Patent application title: ULTRA-MINIATURIZED THZ COMMUNICATION DEVICE AND SYSTEM
John Francis Federici (Westfield, NJ, US)
Haim Grebel (Livingston, NJ, US)
Andrei Sirenko (Basking Ridge, NJ, US)
New Jersey Institute of Technology
IPC8 Class: AH04B1000FI
Class name: Optical communications transmitter and receiver system including compensation
Publication date: 2010-03-18
Patent application number: 20100067918
Ultra-miniaturized THz spectrometer/multi-channel receiver devices are
provided. THz communication devices employ a THz transmitter, a THz
receiver and a modulator, wherein the THz transmitter is configured to
introduce a THz signal to the modulator and the THz receiver is
configured to receive the THz signal from the modulator and demodulate
the signal. Communication systems and methods employing the THz
spectrometer/multi-channel receiver devices enable secure communications.
Portable THz emitter devices are provided employing semiconductor lasers
and a nonlinear birefringent waveguide monolithically integrated on the
1. A THz communication device comprising a THz transmitter, a THz receiver
and a modulator, wherein the THz transmitter is configured to introduce a
THz signal to the modulator and the THz receiver is configured to receive
the THz signal from the modulator and demodulate the signal.
2. The device of claim 1 wherein the THz transmitter is selected from a GaAs photomixer or an integrated waveguide photomixer.
3. The device of claim 1 wherein the THz transmitter is an integrated waveguide photomixer.
4. The device of claim 1 wherein the THz receiver is multi-channel receiver comprising a photonic bandgap THz spectrometer.
5. The device of claim 1 wherein the receiver comprises a self-focusing element to direct and focus a dispersed THz signal, a detector array, and a filtering element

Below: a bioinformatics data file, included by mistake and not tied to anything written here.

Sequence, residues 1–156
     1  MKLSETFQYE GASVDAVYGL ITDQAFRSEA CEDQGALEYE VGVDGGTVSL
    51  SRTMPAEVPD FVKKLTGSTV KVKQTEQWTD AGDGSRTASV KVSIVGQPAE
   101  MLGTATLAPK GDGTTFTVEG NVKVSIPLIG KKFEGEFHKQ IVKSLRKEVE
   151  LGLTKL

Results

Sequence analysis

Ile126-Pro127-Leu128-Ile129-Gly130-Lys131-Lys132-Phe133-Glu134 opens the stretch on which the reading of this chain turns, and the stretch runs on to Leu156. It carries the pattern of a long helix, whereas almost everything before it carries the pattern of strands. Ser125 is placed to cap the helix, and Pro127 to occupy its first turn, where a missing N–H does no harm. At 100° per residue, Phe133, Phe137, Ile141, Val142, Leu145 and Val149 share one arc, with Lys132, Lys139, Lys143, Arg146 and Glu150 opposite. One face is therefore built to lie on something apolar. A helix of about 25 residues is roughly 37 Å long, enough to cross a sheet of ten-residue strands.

6. The device of claim 1 wherein the receiver comprises a photonic crystal prism and a pin-hole screen.
7. The device of claim 1 comprising a GaAs photomixer comprising fiber-optic pigtail cables modulated by varying the voltage across the GaAs device.
8. The device of claim 1 comprising a THz receiver comprising a bandpass filter.
9. The device of claim 1 integrated on a InP substrate.
10. An apparatus comprising a plurality of THz transmitter and receivers in accordance with claim 1.
11. A THz communication system comprising at least one THz transmitter, at least one THz receiver and at least one modulator, wherein the at least one THz transmitter is configured to introduce a THz signal to the at least one modulator and the at least one THz receiver is configured to receive THz signals from the at least one modulator and demodulate the signals.
12. The system of claim 11 wherein the at least one THz transmitter, at least one THz receiver and at least one modulator are mounted on at least one vehicle within a range suitable for the at least one THz transmitter, at least one THz receiver and at least one modulator to transmit and receive signals.
12. The system of claim 10 wherein the at least one THz transmitter, at least one THz receiver and at least one modulator are mounted on a plurality of vehicles.
13. A portable THz emitter comprising at least two semiconductor lasers and a nonlinear birefringent waveguide monolithically integrated on the same substrate.